Welcome back to our series for budding entrepreneurs. If you’ve missed the parts on idea generation, testing those ideas and coming up with solutions – you can find them under the UX Daily tab on the site here. Today, we’re going to look at what to do with our first proposed solutions and how to test them with users before we invest large amounts of cash on turning them into something more.
One of the most powerful user research tools you have for new ideas is the simple sketch. I know, a lot of people start grumbling about their artistic skills when you ask them to sketch – this is, however, a lousy reason not to sketch your ideas.
The purpose of a sketch is to communicate what you’re going to do and how you’re going to do it – and how it will solve the problem in hand (either partially or completely – you may need more than one sketch if your solutions are a little more complex than a single action). Sketches are not there for demonstrating your artistic ability.
Author/Copyright holder: Paul Downey. Copyright terms and licence: CC BY 2.0
You can, like me, use stick men and simple line drawings to convey your point. If you are an artist, that’s great and by all means make the sketch as pretty as you like but don’t forget that you still have to make it clear what your solution involves.
Many years ago, I worked for a multi-million pound turnover software house. The original concept and the agreement between the two owners was drafted in the pub on the back of beer mats. Many of their idea generation processes in the following years would follow the same format. Nobody at that company was particularly artistic but it didn’t matter. Ideas are easy to come by and a sketch lets you test an idea without putting any real effort into it. Because it’s important to note – ideas are easy to come by because so many of them aren’t very good.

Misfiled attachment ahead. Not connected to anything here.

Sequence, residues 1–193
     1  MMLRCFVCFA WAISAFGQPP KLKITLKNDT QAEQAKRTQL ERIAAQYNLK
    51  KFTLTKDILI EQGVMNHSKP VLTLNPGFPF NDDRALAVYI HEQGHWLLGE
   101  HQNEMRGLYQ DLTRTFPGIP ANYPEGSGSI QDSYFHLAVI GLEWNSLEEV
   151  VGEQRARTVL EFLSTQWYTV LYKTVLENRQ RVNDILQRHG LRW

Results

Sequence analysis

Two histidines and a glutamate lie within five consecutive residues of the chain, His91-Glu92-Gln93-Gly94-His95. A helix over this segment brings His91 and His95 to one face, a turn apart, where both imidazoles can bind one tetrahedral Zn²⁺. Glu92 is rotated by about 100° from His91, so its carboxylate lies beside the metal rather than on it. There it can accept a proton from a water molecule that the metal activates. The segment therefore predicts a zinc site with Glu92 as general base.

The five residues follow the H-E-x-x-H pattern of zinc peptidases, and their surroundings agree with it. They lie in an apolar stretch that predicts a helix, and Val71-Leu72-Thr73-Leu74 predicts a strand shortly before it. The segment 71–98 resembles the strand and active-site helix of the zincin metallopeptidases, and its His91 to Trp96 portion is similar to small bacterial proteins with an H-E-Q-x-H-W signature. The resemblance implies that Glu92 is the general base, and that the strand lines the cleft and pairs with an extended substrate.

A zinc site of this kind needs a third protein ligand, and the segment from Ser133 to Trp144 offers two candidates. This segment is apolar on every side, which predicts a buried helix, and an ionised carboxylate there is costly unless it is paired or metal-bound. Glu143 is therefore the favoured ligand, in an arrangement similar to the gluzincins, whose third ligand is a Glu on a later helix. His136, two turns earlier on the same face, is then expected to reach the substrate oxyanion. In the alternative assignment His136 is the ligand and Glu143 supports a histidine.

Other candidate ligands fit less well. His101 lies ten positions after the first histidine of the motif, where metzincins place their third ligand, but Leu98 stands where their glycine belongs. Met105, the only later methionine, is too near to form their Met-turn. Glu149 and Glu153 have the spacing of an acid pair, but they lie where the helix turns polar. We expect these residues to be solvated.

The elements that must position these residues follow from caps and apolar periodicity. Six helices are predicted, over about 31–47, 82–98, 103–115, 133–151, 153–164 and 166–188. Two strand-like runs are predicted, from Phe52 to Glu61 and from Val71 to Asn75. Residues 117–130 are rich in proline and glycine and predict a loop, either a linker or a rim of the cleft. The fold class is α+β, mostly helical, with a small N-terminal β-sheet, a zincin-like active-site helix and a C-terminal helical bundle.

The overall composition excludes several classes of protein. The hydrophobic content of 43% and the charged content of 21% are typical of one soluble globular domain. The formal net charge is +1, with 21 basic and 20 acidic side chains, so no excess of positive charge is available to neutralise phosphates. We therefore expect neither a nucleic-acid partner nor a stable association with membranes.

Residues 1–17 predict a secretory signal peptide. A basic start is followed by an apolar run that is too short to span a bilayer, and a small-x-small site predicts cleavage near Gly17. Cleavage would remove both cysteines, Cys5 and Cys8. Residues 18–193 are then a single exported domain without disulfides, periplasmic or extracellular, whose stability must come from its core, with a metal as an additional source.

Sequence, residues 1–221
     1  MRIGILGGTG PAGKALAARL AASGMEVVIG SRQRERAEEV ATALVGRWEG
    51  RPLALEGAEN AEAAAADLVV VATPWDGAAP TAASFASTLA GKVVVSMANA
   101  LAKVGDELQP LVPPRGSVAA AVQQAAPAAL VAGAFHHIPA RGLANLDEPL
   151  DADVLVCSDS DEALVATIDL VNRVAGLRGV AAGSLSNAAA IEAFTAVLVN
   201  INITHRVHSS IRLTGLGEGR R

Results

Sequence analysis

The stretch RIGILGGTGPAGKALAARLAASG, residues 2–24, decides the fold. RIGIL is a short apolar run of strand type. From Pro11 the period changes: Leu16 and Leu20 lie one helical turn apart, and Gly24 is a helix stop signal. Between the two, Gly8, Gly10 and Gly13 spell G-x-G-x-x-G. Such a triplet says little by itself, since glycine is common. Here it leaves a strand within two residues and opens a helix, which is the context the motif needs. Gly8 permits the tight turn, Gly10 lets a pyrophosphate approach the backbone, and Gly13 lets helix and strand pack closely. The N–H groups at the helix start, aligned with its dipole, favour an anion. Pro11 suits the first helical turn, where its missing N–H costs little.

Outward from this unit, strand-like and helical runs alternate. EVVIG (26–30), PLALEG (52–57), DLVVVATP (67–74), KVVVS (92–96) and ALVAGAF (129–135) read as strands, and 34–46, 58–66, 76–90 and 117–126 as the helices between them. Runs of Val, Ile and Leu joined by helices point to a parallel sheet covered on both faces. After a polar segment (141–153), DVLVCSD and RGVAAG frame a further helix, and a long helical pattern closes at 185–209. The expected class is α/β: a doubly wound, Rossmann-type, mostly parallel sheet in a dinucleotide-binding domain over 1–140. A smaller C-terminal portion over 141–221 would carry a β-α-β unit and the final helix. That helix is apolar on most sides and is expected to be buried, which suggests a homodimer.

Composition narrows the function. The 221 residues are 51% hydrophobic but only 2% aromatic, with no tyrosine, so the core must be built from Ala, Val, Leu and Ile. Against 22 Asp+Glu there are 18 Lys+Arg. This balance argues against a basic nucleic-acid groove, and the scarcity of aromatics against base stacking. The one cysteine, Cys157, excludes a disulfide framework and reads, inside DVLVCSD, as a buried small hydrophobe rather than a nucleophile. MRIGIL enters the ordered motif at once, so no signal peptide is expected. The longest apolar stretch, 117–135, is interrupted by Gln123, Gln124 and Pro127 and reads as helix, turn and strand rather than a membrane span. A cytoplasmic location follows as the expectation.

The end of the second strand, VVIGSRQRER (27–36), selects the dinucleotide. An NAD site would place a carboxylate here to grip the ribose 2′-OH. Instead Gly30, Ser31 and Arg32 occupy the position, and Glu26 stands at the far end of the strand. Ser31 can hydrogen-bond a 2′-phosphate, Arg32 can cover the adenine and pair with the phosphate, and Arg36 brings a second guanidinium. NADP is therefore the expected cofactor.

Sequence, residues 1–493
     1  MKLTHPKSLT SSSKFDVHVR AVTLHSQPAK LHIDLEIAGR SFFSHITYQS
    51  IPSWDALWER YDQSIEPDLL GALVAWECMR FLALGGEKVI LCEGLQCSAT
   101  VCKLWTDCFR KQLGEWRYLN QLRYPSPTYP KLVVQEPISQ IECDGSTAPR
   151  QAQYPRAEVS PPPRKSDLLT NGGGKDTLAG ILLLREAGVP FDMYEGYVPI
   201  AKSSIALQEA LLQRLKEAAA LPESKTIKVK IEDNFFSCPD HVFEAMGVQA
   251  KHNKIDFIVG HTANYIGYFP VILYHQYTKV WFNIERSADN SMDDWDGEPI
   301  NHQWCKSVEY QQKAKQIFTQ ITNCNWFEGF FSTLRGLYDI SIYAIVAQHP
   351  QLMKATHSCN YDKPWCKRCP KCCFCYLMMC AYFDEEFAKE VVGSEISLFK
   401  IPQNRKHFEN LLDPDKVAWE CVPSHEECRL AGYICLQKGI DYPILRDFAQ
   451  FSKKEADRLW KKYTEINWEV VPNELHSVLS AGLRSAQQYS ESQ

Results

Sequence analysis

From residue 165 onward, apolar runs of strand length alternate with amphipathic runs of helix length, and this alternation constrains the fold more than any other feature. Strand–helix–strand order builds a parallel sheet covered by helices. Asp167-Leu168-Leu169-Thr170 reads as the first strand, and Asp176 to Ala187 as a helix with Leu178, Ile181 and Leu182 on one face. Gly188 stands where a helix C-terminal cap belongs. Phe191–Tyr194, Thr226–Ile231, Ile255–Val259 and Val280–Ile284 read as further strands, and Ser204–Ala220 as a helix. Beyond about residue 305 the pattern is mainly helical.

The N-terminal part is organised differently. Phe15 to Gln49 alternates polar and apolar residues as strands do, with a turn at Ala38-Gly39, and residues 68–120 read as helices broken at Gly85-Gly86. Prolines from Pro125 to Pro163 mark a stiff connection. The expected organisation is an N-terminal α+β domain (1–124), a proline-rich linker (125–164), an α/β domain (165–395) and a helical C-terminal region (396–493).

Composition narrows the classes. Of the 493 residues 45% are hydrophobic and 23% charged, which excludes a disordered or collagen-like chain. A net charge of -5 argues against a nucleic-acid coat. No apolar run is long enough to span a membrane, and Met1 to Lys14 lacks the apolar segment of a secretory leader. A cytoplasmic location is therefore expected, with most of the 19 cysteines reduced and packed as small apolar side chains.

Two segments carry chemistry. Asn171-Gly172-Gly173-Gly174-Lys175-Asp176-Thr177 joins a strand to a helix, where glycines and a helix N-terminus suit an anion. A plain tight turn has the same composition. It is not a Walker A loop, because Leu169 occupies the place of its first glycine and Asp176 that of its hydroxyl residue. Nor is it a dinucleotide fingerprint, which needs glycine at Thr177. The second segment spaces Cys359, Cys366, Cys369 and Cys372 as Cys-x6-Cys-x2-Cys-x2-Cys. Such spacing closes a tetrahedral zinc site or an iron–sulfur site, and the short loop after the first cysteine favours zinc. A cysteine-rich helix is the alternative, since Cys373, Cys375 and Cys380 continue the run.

Once you have your sketch; you can put it in front of your user(s). You should already have identified some potential users in your initial research. This gives you a chance to ask them what they think and whether your ideas appeal to them. Ideally, you want a more representative sample than a single user at this point – however, it’s better to test a sketch with a single user than none at all.
Author/Copyright holder: Mike Rohde. Copyright terms and licence: CC BY-NC-ND 2.0
You may find that your users have ideas that can help move your solution forward too. They may look at the sketch and say; “that’s great! But have you thought about XYZ instead? Or using ABC material to improve such and such..?”
You want to take useful feedback on board and document it. You may have some structured questions you need to answer about your idea but you also need to give users a chance to get creative with their feedback too – they may just save you a fortune in development costs.
Header Image: Author/Copyright holder: jm3 on Flickr. Copyright terms and licence: CC BY-SA 2.0